When this article was published in January 1917, 23 of the then-48 states banned liquor. That included four states adopting such a measure two months prior on Election Day alone: Michigan, Nebraska, South Dakota, and Montana. It was clear which way momentum was swinging. But the idea that the U.S. would be dry within the decade was underestimating just how much momentum was swinging, as the 18th Amendment was was passed a mere two years after this article in January 1919, with the amendment taking effect in January 1920.

However, it became the only constitutional amendment ever repealed 13 years later in December 1933. Now Americans are free to consume alcohol once again, as will be proven — for better or for worse — on Super Bowl Sunday in a few weeks… and more imminently on Inauguration Day Friday.

“U.S. Dry Within Ten Years”: So Say Prohibitionists After Webb-Kenyon Decision – Liquor Dealers Say It Will React in Their Favor (PDF)

From Sunday, January 14, 1917

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January 15th, 2017 at 7:16 pm

Popular Catchwords Are a National Menace

popular-catchwords-are-a-national-menace

Back in 1916, Mary Watts lamented what she saw as the pervasive influence of New York City dictating the thoughts of those in Cincinnati suburb Walnut Hills and elsewhere:

“These people who think they are thinking,” she said, “do not make up their own phrases or originate their own ideas. They think in catchwords.”

“What are some of these catchwords?” The Times man asked.

“Well,” she replied, “‘the relation of capital and labor’ is one. And ‘the child in the house’ is another. And then there is that very popular catchword ‘social consciousness.’ But out here in the Middle West we aren’t so much bothered with social consciousness as you are in the East.”

“Now and then we make desperate attempts to be Eastern and cosmopolitan, and all the rest of it. We try hard to get up a bohemian atmosphere among our writers and painters — we try to do this even out here, in Cincinnati. But we haven’t enough writers to form a separate class.”

There was a time when New York City had a great influence on the rest of the country, despite a 2016 election cycle where the candidate New York City voted for at a greater margin than in almost any other location got crushed and there was something of a public revolt against the media and journalism industries headquartered out of Manhattan.

Popular Catchwords Are a National Menace: Mary S. Watts Laments “Social Consciousness,” Deliberate Bohemianism, and Influence of New York on Rest of Country (PDF)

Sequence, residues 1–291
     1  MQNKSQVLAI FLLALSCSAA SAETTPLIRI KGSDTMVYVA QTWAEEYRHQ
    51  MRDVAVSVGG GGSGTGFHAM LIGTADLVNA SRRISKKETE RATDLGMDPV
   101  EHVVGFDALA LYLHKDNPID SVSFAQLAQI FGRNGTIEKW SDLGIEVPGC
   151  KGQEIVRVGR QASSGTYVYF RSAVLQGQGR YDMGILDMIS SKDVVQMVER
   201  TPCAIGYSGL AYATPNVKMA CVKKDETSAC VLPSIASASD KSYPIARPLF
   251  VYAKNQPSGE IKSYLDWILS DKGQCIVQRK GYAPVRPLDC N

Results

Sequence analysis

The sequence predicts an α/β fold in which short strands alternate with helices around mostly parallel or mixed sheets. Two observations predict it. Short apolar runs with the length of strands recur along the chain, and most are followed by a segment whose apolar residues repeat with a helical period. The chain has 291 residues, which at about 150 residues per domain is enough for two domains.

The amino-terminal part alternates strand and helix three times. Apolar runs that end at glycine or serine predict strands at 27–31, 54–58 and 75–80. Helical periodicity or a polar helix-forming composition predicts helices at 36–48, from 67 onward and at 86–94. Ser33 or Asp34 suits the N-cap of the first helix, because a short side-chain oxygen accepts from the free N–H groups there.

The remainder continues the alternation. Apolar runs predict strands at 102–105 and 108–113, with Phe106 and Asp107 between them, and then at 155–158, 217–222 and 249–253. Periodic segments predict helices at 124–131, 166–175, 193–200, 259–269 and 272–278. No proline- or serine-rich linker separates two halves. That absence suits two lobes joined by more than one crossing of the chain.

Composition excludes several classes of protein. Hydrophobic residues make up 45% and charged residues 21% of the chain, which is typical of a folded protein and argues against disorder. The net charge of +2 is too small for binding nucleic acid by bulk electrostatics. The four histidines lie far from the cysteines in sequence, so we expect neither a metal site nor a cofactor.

From January 7, 1917

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January 4th, 2017 at 7:26 am

Posted in Life,Literature

Birth Rate Declining Among College Men

birth-rate-declining-among-college-men

Even today, the gap between fertility rates between those with and without college degrees is statistically significant. The big difference between now and then is that the “college-educated” constitutes women as well, with women starting in 2015 attaining more college degrees than men.

Birth Rate Declining Among College Men: Statistics for Harvard and Yale Show Steady Decrease in Number of Graduates’ Children and More Childless Marriages (PDF)

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December 15th, 2016 at 7:12 am

George C. Boldt’s Life a Continuous Romance

george-c-boldts-life-a-continuous-romance

Ah, the days when “the most famous hotel man in the world” didn’t inherit the business from his father, but achieved his status through grit and determination after starting in the kitchen.

George C. Boldt’s Life a Continuous Romance: Reminiscences of Waldorf-Astoria’s Proprietor, Who Rose from the Kitchen to be the Most Famous Hotel Man in the World (PDF)

From December 10, 1916

 

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December 7th, 2016 at 10:34 pm

Posted in Business,Life

Indian No Longer Called a Vanishing Race

From October 29, 1916

indian-no-longer-called-a-vanishing-race

Indian No Longer Called a Vanishing Race: Educational Campaign Among the Red Men Has Raised Birth Rate and Lowered Death Rate – Reservations Self-Supporting (PDF)

Back in 1916 even a publication as respected as the New York Times had no problem calling the demographic “red men.” Even Disney would do so with the Peter Pan song “What Makes the Red Man Red?” in 1953, and Washington’s NFL team still uses a variant on that name to this day.

According to the 1916 article, the improvements in Native American birth rate and health came about over the previous three years in large part due to the health education campaign of Cato Sells, Commissioner of the Bureau of Indian Affairs from 1913-1921, which today is an agency housed within the U.S. Department of the Interior.

After a period in which the population was shrinking, in 1916 the total number of births in the group was 6,092 compared to 4,570 deaths. The total “Indian population” at the time was 209,221. Those trends must have continued, because today the total American Indian/Alaska Native (AI/AN) alone population is 2.9 million, or about 0.9 percent of the U.S. population, according to the National Congress of American Indians.

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Written by Jesse

October 28th, 2016 at 2:18 pm

Posted in Life,Science